It is urged the trial court erred in giving the following instruction to the jury:"No. 17 You are further instructed that the plaintiffs have put into evidence that the private road in question, at the place of the accident, was controlled by custom and usage of the drivers. The plaintiff's witnesses have testified that the customs at the time and place of the accident were as follows: "(1) That the loaded truck had the right-of-way over the unloaded truck. "(2) That because of the condition of the private road, that the custom was that the loaded truck would pull to the left and climb the upgrade on the left and the unloaded trucks would pass on the right or stop at the crest of the hill. "If you should find by the preponderance of the evidence that these were the customs and usages of the private road at the time and place of the accident, and that the defendant's driver violated these customs and usages, then you are instructed that this is negligence. If you should further find that the violations of the customs and usages were the proximate cause of the accident, and that the plaintiff's driver was free of contributory negligence, then you are instructed that you shall bring in your verdict for the plaintiffs."
We agree the instruction, standing alone, would be erroneous in stating the acts therein recited would constitute *877 negligence rather than acts from which the jury might find negligence. Also, the instruction leaves out the necessary element of knowledge of the custom on the part of Graham and Colorado Constructors, but this defect is not urged here.
Instructions must be considered as a whole, and if the entire charge fairly presents the law of the case, they are sufficient. State v. Beal, 1944, 48 N.M. 84, 146 P.2d 175, and cases there cited.
In this case the court gave the jury, in addition to instruction No. 17, the following instructions to which no objection was made:"No. 17-a There has been evidence in this case of a custom or usage controlling the operation of trucks on the road in question. You are instructed that custom is not conclusive as a standard of reasonable prudence; however, as a general rule, evidence may be received to establish the ordinary practice or the uniform custom of persons in the performance under similar circumstances of acts like those which are alleged to be negligence. But usage and custom do not justify negligence, and the generality of a usage or custom which contravenes a statute or is unreasonable and dangerous, does not serve to excuse a person from responsibility for his carelessness. "No. 18 You are instructed that the matter of custom or usage of other drivers at the place of the accident is not to be taken into account in your deliberations unless you find: "(1) That the custom was established as a matter of fact by the preponderance of the evidence. "(2) That the defendant Graham knew or should have known of it by the exercise of reasonable care under the circumstances. "No. 19 You are instructed that a driver on the right side of the road has a right to assume that a vehicle approaching on the wrong side will turn to the proper side in time to avoid a collision unless it is obvious that the driver of the latter vehicle does not intend to turn or is unconscious of the danger which is imminent. "No. 20 The duty of drivers operating motor vehicles on a road other than a public highway is to use due care as that term has been defined by the Court in an earlier instruction and this requires that drivers meeting each other drive on the right hand side of the road unless his failure to do so is excusable under the circumstances. "No. 21 You are instructed that it is the duty of the driver of a motor vehicle on a private roadway to drive on the right-hand side of the road unless his failure to do so is excusable under the circumstances for causes or things beyond his control. * * * * * * "No. 25 If in these instructions any rule, direction or idea be stated in varying ways, no emphasis thereon is intended by me and none must be inferred by you. For that reason you are not to single out any certain sentence or any individual point or instruction and ignore the others, but you are to consider all the instructions as a whole and to regard each in the light of all of the others."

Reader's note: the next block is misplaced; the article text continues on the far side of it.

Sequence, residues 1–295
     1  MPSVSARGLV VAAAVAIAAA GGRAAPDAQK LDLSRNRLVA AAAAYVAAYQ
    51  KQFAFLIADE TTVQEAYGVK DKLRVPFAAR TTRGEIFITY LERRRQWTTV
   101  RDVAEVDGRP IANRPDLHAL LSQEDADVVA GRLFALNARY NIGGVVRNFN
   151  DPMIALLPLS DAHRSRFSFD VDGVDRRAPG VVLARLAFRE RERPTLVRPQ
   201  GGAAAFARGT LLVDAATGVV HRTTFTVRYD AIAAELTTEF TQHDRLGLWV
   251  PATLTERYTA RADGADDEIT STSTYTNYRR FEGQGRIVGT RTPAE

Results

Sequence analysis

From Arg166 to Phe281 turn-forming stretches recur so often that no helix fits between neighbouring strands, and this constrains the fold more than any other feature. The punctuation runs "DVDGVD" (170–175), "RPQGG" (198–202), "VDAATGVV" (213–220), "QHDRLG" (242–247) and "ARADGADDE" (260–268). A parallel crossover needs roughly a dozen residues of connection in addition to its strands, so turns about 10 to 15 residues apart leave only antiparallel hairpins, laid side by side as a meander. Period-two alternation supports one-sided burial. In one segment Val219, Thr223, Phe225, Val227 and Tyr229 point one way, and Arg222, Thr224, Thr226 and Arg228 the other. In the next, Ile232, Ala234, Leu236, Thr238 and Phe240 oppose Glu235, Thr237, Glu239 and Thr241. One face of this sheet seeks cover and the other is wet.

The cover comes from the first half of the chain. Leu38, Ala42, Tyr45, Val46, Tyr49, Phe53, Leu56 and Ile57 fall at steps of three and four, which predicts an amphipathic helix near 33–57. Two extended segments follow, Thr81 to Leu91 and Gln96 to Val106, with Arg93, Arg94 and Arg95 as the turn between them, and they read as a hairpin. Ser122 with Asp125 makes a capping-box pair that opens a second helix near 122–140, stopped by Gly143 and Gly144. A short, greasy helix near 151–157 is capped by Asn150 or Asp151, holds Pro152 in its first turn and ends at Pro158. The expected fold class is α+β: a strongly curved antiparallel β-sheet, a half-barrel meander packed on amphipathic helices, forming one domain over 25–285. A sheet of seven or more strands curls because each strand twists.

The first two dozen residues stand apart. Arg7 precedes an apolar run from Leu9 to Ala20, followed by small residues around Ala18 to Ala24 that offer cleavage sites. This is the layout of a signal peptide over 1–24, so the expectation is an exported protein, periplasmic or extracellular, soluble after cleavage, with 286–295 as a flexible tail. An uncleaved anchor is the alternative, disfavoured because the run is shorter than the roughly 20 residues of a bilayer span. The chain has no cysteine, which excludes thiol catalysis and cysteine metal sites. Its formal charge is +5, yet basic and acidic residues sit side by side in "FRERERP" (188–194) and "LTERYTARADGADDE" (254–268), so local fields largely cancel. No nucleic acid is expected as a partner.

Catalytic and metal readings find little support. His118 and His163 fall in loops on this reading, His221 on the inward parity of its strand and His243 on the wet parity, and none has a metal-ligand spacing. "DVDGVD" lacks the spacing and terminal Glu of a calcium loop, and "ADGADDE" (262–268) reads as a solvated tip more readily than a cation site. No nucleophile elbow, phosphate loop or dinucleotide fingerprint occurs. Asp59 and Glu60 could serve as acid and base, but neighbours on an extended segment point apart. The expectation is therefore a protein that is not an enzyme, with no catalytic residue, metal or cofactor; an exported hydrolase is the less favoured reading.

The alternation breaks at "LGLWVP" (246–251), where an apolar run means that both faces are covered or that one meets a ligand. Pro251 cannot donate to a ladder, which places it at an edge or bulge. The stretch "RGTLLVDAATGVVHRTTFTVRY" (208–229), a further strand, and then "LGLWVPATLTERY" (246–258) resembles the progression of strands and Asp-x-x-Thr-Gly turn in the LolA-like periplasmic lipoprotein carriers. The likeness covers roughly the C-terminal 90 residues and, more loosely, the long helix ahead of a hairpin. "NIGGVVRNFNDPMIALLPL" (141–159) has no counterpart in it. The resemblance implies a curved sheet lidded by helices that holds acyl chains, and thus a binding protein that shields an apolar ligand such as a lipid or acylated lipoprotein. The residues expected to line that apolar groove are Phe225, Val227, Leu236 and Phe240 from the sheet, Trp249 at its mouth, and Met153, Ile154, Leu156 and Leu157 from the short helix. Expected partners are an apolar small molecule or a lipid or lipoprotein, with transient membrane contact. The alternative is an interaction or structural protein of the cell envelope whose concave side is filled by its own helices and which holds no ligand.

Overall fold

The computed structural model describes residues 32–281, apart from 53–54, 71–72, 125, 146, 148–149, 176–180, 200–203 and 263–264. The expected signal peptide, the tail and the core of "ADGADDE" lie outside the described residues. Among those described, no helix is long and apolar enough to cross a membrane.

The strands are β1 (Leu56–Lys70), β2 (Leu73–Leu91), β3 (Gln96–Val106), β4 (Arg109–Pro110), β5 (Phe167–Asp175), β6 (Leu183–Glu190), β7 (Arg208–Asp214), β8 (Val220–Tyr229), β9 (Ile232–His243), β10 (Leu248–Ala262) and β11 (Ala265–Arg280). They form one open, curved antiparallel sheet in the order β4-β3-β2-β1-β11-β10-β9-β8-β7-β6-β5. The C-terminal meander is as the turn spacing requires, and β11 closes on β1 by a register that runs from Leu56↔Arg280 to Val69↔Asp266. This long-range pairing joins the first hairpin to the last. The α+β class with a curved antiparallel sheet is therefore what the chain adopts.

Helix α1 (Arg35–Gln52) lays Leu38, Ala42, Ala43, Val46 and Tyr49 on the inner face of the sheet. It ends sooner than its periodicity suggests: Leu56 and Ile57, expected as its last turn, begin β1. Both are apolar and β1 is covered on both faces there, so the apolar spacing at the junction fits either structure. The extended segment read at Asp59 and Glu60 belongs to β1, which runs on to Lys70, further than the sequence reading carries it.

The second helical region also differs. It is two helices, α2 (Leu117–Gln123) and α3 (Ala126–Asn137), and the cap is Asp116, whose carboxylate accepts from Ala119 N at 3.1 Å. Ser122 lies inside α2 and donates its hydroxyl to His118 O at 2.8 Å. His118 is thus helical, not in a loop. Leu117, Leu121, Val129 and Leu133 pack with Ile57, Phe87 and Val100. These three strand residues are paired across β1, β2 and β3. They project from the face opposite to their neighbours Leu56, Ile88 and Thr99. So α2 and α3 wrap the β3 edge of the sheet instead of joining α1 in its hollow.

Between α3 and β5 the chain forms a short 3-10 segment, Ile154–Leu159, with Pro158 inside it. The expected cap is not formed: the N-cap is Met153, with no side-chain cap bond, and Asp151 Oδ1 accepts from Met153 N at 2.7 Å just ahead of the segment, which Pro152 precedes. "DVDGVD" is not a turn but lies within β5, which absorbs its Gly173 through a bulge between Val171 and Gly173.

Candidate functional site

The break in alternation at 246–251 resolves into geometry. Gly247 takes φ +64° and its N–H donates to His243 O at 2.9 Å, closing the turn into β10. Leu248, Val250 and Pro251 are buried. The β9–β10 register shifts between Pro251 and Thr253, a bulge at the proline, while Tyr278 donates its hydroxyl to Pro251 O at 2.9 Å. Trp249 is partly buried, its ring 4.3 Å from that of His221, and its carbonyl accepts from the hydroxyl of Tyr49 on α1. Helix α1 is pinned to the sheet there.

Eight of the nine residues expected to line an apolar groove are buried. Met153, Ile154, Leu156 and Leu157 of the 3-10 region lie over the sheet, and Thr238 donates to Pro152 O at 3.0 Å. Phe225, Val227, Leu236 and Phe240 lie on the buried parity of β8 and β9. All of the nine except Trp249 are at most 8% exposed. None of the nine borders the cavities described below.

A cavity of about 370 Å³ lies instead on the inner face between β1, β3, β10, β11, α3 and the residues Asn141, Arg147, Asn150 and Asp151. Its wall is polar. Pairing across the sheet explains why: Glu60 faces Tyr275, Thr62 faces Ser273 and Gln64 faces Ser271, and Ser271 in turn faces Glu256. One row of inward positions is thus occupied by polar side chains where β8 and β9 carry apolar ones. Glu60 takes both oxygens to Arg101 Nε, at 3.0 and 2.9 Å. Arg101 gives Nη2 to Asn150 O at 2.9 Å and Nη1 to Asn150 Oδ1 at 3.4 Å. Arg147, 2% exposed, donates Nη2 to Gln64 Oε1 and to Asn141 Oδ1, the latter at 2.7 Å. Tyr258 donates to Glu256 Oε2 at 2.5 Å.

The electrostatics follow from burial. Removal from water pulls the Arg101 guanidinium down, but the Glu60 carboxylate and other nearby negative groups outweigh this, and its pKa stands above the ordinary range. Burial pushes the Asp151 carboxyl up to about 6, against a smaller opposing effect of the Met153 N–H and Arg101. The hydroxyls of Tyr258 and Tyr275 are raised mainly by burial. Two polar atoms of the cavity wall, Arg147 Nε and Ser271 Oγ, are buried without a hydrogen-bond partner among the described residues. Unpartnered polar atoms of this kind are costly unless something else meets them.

We are satisfied the instructions considered as a whole fairly presented the issues to the jury and the claim of error on account of instruction No. 17 is not well taken.
The judgment will be affirmed. It is so ordered.
COMPTON, C.J., and LUJAN, SADLER and KIKER, JJ., concur.